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The Impact of Sexual Arousal on Sexual Risk-Taking and Decision-Making in Men and Women

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Sexual arousal has emerged as an important contextual feature in sexual encounters that can impact safer-sex decision-making. We conducted two experiments that investigated the effects of sexual arousal among male and female participants. Experiment 1 (N = 144) examined the impact of sexual around on sexual health decision-making. Sexually explicit and neutral video clips as well as hypothetical romantic scenarios were used to evaluate the effects of sexual arousal on sexual risk-taking intentions. Men and women who reported higher levels of sexual arousal also displayed greater intentions to participate in risky sexual behavior (e.g., unprotected sex with a new sex partner). Experiment 2 (N = 122) examined the impact of sexual arousal on general risk-taking, using the same videos clips as in Experiment 1 and a modified version of a computerized Blackjack card game. Participants were offered a chance to make either a risky play or a safe play during ambiguous conditions. Increased sexual arousal in Experiment 2 was associated with impulsivity and a greater willingness to make risky plays in the Blackjack game. These findings suggest that, in situations where there are strong sexually visceral cues, both men and women experiencing strong sexual arousal may have lower inhibitions and may experience impaired decision-making. This phenomenon may have an impact during sexual encounters and may contribute to a failure to use appropriate prophylactic protection.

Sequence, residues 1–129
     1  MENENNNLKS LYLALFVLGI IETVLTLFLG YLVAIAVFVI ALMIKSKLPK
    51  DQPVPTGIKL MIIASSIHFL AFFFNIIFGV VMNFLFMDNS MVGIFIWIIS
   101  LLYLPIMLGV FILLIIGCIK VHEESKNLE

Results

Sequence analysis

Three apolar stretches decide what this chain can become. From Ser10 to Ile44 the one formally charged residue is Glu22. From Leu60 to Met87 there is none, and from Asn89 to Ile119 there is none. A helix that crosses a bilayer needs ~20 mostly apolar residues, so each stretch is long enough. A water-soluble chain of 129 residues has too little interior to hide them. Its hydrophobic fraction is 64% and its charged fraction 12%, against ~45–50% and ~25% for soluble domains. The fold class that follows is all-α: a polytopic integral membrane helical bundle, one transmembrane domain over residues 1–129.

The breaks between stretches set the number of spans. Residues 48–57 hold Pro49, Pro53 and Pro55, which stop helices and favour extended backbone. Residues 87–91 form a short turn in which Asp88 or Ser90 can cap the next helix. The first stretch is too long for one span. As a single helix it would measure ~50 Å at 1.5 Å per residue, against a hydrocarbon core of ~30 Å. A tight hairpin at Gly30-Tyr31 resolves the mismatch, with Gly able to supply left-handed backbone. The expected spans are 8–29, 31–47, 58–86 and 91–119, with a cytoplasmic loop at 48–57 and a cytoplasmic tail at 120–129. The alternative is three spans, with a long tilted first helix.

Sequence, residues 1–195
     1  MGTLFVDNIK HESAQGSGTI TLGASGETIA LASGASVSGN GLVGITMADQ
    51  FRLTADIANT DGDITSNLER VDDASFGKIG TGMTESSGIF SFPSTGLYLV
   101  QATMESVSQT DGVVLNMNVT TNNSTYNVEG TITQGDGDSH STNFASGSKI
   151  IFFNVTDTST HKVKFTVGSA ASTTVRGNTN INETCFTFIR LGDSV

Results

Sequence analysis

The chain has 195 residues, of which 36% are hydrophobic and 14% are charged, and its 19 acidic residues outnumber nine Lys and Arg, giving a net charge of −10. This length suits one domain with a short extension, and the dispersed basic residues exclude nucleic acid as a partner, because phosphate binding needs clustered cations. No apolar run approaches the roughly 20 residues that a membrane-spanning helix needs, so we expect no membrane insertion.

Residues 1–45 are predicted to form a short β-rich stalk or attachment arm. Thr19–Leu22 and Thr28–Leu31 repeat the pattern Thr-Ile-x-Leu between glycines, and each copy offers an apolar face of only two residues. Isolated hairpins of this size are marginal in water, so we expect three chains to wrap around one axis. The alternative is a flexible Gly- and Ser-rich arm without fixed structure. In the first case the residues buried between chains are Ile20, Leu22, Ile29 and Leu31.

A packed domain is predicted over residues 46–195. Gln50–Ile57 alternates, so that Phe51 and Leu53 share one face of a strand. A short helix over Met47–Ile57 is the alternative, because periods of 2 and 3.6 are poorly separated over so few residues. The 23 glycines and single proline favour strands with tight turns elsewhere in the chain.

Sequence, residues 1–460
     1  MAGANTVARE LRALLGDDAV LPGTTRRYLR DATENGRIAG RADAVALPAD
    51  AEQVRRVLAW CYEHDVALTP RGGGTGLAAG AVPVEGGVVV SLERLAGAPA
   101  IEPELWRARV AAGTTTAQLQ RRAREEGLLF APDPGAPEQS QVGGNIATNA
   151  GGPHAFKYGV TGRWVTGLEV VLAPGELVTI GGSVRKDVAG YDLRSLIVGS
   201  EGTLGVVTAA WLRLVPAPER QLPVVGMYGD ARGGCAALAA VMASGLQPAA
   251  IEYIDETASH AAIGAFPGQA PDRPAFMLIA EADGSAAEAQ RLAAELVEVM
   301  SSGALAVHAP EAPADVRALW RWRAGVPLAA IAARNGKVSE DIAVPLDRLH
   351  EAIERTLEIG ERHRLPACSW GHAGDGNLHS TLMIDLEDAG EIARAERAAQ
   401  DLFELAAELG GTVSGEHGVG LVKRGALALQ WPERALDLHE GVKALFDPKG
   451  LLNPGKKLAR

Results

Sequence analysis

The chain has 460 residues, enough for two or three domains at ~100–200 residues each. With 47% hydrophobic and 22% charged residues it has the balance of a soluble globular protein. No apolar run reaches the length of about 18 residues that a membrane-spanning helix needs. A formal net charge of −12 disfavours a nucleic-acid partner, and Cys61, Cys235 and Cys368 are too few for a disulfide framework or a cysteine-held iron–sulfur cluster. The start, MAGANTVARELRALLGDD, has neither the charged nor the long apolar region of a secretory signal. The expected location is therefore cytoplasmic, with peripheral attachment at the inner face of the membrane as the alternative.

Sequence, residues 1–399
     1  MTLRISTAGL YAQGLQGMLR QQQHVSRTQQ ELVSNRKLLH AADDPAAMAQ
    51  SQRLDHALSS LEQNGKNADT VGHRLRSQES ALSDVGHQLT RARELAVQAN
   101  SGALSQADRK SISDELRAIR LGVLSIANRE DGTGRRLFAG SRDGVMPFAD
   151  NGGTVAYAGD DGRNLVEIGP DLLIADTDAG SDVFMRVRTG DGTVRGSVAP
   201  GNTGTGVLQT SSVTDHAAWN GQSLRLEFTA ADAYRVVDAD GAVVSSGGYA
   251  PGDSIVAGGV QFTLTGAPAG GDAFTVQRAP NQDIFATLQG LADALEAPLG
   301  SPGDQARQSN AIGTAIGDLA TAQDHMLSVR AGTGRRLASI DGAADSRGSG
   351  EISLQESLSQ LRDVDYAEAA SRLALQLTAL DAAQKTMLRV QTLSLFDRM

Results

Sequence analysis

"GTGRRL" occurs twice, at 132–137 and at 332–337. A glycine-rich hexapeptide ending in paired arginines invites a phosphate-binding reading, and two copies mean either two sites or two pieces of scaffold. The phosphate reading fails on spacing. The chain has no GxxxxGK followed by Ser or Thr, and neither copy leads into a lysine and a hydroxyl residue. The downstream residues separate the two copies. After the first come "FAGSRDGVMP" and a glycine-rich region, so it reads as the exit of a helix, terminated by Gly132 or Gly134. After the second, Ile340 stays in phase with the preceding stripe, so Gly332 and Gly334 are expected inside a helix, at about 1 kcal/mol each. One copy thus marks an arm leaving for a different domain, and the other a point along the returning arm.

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  1. An average sexual arousal score that was below the median was chosen as the cut-off because participants tend to underestimate their physiological experience of sexual arousal when asked to report their subjective sexual arousal level (Chivers, Seto, Lalumiere, Laan, & Grimbos, 2010).

  2. Outcome analyses were also conducted using the full sample that did not exclude participants based on sexual arousal cut-off scores. As would be expected, results were weaker, with means trending in the anticipated direction but failing to reach significance.

  3. A linear regression analysis was also completed for both Experiment 1 and 2, using the full samples (pre-cut-off) to examine sexual arousal as a continuous measure. As expected, the results were weaker when the full sample was used. We chose to use condition as a dichotomizing variable, much like Huberman, Suschinsky, Lalumiere, and Chivers (2013) in order to examine a treatment effect.

  4. However, it should be noted that, from a biological perspective, men are at a lower risk for contracting HIV and some STIs (e.g., gonorrhea and herpes) from heterosexual activity than women (Norris et al., 2004).


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Correspondence to Shayna Skakoon-Sparling.



See Table 1

Table 1 Risky Sexual Decision-Making Scale (Experiment 1)—used with a 10 point Likert scale (1 = not at all likely, 10 = extremely likely)

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Skakoon-Sparling, S., Cramer, K.M. & Shuper, P.A. The Impact of Sexual Arousal on Sexual Risk-Taking and Decision-Making in Men and Women. Arch Sex Behav 45, 33–42 (2016).

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